National Food Day Aims to Excite Healthiness

Racheal Koole

By Racheal Koole

Kalamazoo local Hether Frayer participates at the National Food Day Event. Frayer is a local advocate for fresh and local food on the Kalamazoo scene. Photo by Racheal Koole.

“I decided to become vegetarian again because I couldn’t bare to think of an innocent animal being harmed or eating something that was someone’s mother,” said senior Mariah Isaac.

Isaac recently changed her eating habits from eating meats back to being vegetarian.

National Food Day is an event on October 24, starting in 2011 and will continue in future years, that provides knowledge about all of the healthy choices for food. National Food Day has six principles ranging from reducing diet related diseases to supporting fair conditions for farmers.

This year, Isaac participated in National Food Day 2011 to show her support for healthy food choices. Issac helped coordinate one of Kalamazoo’s food day activities. The event was hosted at Fire, the historical and cultural arts collaborative, on Monday, October 24, 2011. The event helped enlighten about healthy opportunities with food.

One of these events was a food tasting of different dishes that contained healthy options. None of the dishes served had meat in them; instead, they were made out of donated natural vegetables and fruits.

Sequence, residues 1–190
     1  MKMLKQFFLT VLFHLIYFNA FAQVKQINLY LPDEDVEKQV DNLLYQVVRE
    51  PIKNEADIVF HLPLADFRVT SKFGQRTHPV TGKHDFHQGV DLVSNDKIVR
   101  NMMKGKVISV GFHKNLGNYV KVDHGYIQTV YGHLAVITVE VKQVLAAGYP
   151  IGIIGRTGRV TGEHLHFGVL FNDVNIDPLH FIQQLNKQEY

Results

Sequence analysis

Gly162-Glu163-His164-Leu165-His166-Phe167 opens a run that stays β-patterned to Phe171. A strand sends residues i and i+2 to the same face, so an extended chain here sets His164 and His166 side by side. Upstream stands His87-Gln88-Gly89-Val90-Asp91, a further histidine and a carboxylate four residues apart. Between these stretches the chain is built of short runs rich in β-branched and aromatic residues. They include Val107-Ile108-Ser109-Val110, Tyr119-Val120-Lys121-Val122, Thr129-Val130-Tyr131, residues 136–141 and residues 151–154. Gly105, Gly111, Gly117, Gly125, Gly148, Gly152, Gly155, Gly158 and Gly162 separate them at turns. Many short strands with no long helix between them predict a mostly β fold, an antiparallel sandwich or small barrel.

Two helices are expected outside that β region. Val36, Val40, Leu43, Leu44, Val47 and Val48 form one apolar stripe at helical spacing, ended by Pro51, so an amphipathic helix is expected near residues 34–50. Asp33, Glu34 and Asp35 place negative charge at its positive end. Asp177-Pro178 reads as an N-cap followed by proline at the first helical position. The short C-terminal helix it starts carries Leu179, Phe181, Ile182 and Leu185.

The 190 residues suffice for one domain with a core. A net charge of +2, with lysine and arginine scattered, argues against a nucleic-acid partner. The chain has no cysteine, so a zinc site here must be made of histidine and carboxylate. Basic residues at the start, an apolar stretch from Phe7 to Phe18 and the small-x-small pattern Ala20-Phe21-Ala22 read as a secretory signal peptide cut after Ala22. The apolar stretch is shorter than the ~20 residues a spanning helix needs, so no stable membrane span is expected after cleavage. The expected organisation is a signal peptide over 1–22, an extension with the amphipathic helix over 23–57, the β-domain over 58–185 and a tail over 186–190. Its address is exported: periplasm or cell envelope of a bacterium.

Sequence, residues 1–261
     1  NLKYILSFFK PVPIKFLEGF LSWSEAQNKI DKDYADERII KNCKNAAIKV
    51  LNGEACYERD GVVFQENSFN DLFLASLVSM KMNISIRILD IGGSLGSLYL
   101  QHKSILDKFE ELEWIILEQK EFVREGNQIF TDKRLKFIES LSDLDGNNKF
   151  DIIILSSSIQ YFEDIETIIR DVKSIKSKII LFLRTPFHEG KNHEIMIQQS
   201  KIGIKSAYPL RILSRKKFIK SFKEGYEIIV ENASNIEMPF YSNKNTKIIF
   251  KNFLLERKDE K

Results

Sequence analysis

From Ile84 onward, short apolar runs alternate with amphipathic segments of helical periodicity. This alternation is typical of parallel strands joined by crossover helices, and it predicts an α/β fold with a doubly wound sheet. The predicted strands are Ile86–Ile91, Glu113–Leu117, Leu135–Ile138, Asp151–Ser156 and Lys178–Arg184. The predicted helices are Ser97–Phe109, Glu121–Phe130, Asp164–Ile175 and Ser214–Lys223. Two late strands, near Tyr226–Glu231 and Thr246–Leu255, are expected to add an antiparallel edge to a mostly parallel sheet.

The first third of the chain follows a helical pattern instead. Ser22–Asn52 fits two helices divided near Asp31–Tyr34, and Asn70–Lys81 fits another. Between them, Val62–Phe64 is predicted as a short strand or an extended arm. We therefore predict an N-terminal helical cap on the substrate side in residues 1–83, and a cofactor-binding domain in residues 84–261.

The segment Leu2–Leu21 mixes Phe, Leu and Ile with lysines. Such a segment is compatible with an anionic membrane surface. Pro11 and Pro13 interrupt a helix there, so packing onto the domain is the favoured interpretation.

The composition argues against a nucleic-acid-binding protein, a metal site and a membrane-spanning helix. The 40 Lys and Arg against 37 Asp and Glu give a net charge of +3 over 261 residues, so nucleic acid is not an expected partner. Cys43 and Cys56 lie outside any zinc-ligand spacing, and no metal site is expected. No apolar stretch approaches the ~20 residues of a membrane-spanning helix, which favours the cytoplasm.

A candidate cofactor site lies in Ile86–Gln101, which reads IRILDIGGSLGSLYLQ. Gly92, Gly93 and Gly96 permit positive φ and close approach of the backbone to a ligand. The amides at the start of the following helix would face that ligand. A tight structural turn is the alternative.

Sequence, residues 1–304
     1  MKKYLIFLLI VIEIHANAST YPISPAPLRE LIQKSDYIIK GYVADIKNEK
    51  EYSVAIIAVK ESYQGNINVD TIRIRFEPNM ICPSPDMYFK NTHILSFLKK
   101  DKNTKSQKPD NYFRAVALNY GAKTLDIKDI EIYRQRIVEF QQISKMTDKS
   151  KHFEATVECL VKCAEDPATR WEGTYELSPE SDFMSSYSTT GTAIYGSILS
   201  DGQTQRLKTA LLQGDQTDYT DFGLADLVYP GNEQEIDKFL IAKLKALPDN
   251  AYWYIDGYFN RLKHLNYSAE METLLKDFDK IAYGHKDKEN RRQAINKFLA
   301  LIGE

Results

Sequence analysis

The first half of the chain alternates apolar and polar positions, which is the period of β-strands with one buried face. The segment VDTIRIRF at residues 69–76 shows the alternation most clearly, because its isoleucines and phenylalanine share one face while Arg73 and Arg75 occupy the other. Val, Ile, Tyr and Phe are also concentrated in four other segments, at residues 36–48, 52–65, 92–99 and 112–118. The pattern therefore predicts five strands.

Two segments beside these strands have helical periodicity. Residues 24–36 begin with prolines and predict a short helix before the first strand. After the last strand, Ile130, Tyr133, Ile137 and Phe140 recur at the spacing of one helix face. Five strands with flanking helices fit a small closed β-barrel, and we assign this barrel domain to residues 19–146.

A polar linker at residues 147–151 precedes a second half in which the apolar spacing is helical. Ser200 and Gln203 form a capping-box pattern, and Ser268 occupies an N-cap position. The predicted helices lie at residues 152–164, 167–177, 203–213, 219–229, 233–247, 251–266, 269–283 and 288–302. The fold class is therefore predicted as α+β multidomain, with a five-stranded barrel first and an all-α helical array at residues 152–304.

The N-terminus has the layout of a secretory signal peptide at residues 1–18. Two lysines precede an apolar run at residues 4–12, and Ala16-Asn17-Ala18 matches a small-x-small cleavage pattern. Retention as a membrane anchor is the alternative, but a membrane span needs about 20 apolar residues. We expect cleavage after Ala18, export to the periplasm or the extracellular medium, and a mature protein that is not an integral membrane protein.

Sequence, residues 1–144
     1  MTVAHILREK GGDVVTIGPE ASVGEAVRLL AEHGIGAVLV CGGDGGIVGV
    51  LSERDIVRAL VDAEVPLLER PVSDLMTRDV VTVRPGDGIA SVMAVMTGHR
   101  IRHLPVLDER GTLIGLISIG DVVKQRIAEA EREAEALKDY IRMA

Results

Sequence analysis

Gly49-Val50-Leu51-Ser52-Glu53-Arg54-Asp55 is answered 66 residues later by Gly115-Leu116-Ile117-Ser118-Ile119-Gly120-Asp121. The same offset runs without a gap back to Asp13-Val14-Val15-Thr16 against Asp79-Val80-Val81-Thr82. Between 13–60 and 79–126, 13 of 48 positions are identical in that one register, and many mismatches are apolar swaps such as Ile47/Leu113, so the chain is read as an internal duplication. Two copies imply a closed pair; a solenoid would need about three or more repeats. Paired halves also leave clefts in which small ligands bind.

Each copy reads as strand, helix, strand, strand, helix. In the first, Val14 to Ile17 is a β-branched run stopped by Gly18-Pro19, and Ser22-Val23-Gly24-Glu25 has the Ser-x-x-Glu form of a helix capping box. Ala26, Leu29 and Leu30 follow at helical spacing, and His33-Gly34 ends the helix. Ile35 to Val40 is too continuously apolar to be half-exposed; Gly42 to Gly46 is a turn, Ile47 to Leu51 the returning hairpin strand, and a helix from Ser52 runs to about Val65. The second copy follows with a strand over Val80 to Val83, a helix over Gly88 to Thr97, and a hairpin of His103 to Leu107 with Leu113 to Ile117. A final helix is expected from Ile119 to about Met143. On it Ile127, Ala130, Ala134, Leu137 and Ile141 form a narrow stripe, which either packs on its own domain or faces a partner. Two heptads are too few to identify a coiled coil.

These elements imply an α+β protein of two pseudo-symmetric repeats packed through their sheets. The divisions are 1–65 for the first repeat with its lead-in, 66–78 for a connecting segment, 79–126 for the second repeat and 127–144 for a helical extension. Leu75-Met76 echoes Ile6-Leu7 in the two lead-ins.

“All of the ingredients are the last available [ from the farmers market],” said the main chef Will Sprague.

That night, the dishes available to sample were Autumn Squash Bisque and Michigan Autumn Salad.

Other food samples included apple peach bars and a fruit smoothie.

The smoothie was made by the Fresh Food Fairy Hether Frayer. She made the smoothie in a mixer which was attached to a bicycle that she had to peddle. Most of the smoothie’s ingredients were donated by local Michigan farmers. Some of the components were raspberries, bananas, and yogurt. All the ingredients, except the bananas, were locally grown.

There are many different actions people can take to support the movement. One action is to research what the person eats on a day-to-day basis.

“To achieve the goals of food day, people can buy produce at their local farmers market, such as Bank Street, or simply vow to remain conscious of what they consume and its impact on the earth,” said Isaac.